The question that reached the Ninth Circuit was “whether an Alford plea entered in Washington is legally sufficient by itself to warrant a finding that a person on supervised release violated the prohibition against committing a new state crime …” Besides the influence of Nguyen, the appeals court was also guided by a 2004 Third Circuit Court of Appeals decision in United States v. Poellnitz which held that it was error to rely on a “nolo [contendere] plea as evidence of commission of a crime.” Just last year a U.S. District Court in the Eastern District of North Carolina in United States v. Bass joined this legal debate with the conclusion: “In the context of an Alford plea, where the Defendant does not admit guilt, ambiguous language indicating [he] agreed there were facts to support the plea is not sufficient to demonstrate that [he] committed a state crime.”


The Ninth Circuit explained why it chose to follow the lead of these decisions into these newly charted legal waters:


“The plain language of the condition of supervised release that Williams was alleged to have violated bears repeating:’”The defendant shall not commit another federal, state or local crime’ (emphasis added) — a mandatory condition under 18 U.S.C. § 3583(d). The same statute would permit a district court to impose as a discretionary condition of supervised release a requirement that the defendant not be convicted of another federal, state, or local crime, but no such condition was imposed on Williams here. See 18 U.S.C. § 3583(d) (‘The court may order, as a further condition of supervised release . . . any other condition it considers to be appropriate . . . .’). Such a discretionary condition would give a federal defendant on supervised release charged with a state crime notice that a state Alford or nolo contendere plea would have federal consequences.


“Both Nguyen and Poellnitz rely on this distinction between commission of a crime and conviction of a crime … This distinction often disfavors individuals on supervised release who, although not convicted of another crime beyond a reasonable doubt, may nevertheless be subject to revocation of supervised release by evidence establishing by a preponderance of the evidence that they committed another crime. But this distinction may also cut the other way: One can be convicted of a crime without having actually committed it, as may be the case with Alford and nolo contendere pleas, not to mention an Alford plea to an unsupported charge …”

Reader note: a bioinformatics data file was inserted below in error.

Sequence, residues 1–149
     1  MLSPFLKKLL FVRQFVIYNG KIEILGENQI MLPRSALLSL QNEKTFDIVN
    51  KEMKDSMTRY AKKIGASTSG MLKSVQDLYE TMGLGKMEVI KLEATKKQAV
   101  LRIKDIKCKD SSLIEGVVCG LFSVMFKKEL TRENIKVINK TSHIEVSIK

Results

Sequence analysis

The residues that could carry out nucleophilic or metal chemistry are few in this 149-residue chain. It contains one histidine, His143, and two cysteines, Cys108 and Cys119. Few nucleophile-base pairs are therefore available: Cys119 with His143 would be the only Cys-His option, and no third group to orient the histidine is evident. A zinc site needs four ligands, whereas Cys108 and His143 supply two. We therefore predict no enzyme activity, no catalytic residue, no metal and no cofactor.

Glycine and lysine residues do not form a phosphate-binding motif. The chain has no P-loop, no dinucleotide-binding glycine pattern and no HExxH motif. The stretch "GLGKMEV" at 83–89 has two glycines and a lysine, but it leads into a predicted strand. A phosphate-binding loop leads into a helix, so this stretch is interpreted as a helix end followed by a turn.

The bottom line in the Ninth Circuit case was this: State law will determine how Alford and nolo contendere pleas apply in these situations. The appeals court put it this way: “State law providing that an Alford or nolo contendere plea is to be treated the same as a guilty plea … will overcome the general proposition that it is not sufficient evidence of the underlying crime charged.”


And that’s why Kenneth William’s argument carried the day in the Ninth Circuit: the state of Washington does not treat Alford pleas as “probative of the commission of a crime.”


Therefore, it is the state law governing the legal effect of a no contest plea that will govern whether such a plea, standing alone, constitutes commission of a new offense.  In Texas, Article 27.02 of the Code of Criminal Procedure specifically states that a plea of no contest has the same legal effect as that of a plea of guilty.  So while the same argument should be made, that the no contest plea does not support finding of “commission” of a new offense, the result could be quite different from that in Williams.